11) Over to you, what can you tell us about Scorched by His Fire, to make us rush out and buy it?

I'll let reader reviews do the talking; my particular favourites are up on Goodreads:
“A modern Lucy Walker - (Ms Walker piqued our interest in Australia) - Reet Singh wants us to see Mauritius as she sees it. The story line is gripping and you cannot put down the book till the last page is read.”
 and
“Set in balmy Mauritius, Reet gives us a wonderful bird’s view of life on the island and skillfully weaves in different and scenic locations that immediately pulled this reader in. And the lead characters’ interactions from the opening scene are, to say the least, explosive. Tanay and Mita do not get along at all, and yet are thrown together through very interesting circumstances.”

12) What can we expect from you next? Is there something you are working on right now?

My second romance for Harlequin® India is about a quarter done; I've tentatively called it ' One Memorable Night in His Bed'. Simi, an almost-ready-to-graduate medical student from India, and Rudy, a surgeon, meet up in New York, and carry the sparks-that-fly all the way to India. I'm excited about this one too and hope to have it on bookshelves later this year.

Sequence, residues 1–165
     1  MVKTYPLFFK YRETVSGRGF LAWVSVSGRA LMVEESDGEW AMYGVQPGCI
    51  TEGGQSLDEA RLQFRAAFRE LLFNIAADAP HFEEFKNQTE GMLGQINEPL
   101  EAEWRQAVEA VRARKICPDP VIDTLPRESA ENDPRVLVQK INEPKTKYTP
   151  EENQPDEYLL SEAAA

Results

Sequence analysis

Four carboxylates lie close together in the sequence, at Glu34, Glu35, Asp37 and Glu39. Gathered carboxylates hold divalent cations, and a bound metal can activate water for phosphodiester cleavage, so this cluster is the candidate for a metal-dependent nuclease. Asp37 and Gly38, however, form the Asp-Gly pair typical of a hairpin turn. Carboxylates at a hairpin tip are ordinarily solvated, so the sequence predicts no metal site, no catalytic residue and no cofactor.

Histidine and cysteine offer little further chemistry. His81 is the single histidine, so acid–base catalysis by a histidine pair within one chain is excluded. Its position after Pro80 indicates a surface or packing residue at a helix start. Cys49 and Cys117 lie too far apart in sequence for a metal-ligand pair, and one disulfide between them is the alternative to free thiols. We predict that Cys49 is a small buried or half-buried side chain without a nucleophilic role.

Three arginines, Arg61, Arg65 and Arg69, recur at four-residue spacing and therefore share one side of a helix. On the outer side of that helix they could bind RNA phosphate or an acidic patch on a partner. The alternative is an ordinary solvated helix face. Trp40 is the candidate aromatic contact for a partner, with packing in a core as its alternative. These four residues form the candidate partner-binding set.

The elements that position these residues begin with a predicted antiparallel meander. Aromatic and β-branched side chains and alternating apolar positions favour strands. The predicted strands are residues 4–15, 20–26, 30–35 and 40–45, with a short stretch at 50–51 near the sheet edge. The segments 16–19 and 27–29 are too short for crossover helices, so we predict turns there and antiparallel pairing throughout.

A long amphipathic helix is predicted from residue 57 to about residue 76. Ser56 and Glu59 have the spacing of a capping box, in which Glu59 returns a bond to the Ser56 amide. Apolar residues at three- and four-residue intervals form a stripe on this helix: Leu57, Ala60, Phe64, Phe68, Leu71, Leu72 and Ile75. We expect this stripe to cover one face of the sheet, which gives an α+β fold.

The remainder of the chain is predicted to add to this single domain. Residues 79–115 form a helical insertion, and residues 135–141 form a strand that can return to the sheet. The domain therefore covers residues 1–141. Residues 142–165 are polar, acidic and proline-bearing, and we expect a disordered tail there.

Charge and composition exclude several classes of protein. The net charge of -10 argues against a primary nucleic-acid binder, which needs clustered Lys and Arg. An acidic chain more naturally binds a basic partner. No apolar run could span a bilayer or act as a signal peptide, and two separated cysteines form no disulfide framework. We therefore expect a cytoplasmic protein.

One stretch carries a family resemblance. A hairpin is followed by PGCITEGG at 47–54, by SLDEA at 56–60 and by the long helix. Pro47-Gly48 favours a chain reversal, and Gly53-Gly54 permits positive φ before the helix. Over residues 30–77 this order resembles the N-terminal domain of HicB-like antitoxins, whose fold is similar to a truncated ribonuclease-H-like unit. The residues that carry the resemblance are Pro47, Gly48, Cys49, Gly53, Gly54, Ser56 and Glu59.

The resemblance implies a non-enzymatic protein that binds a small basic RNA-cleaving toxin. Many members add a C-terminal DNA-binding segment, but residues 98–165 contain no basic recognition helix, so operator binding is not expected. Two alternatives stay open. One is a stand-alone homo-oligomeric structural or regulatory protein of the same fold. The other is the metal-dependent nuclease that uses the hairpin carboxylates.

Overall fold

QUICK FIRE ROUND – it’s pop quiz time…


13) Plotter or pantser?

Pantser; I seriously tried my hand at plotting for book two, but was all at sea; also, I felt that  it would involve a ton of editing later, so went back to living life on the edge!

14) Digital books or print books?

Print books, but am rapidly falling in love with digital. Did I mention I have published one of each? My Kindle Direct book is The Zaken Takeover. It is all about aliens and abductions and is understandably for children, although adults looking for a short read may also try it.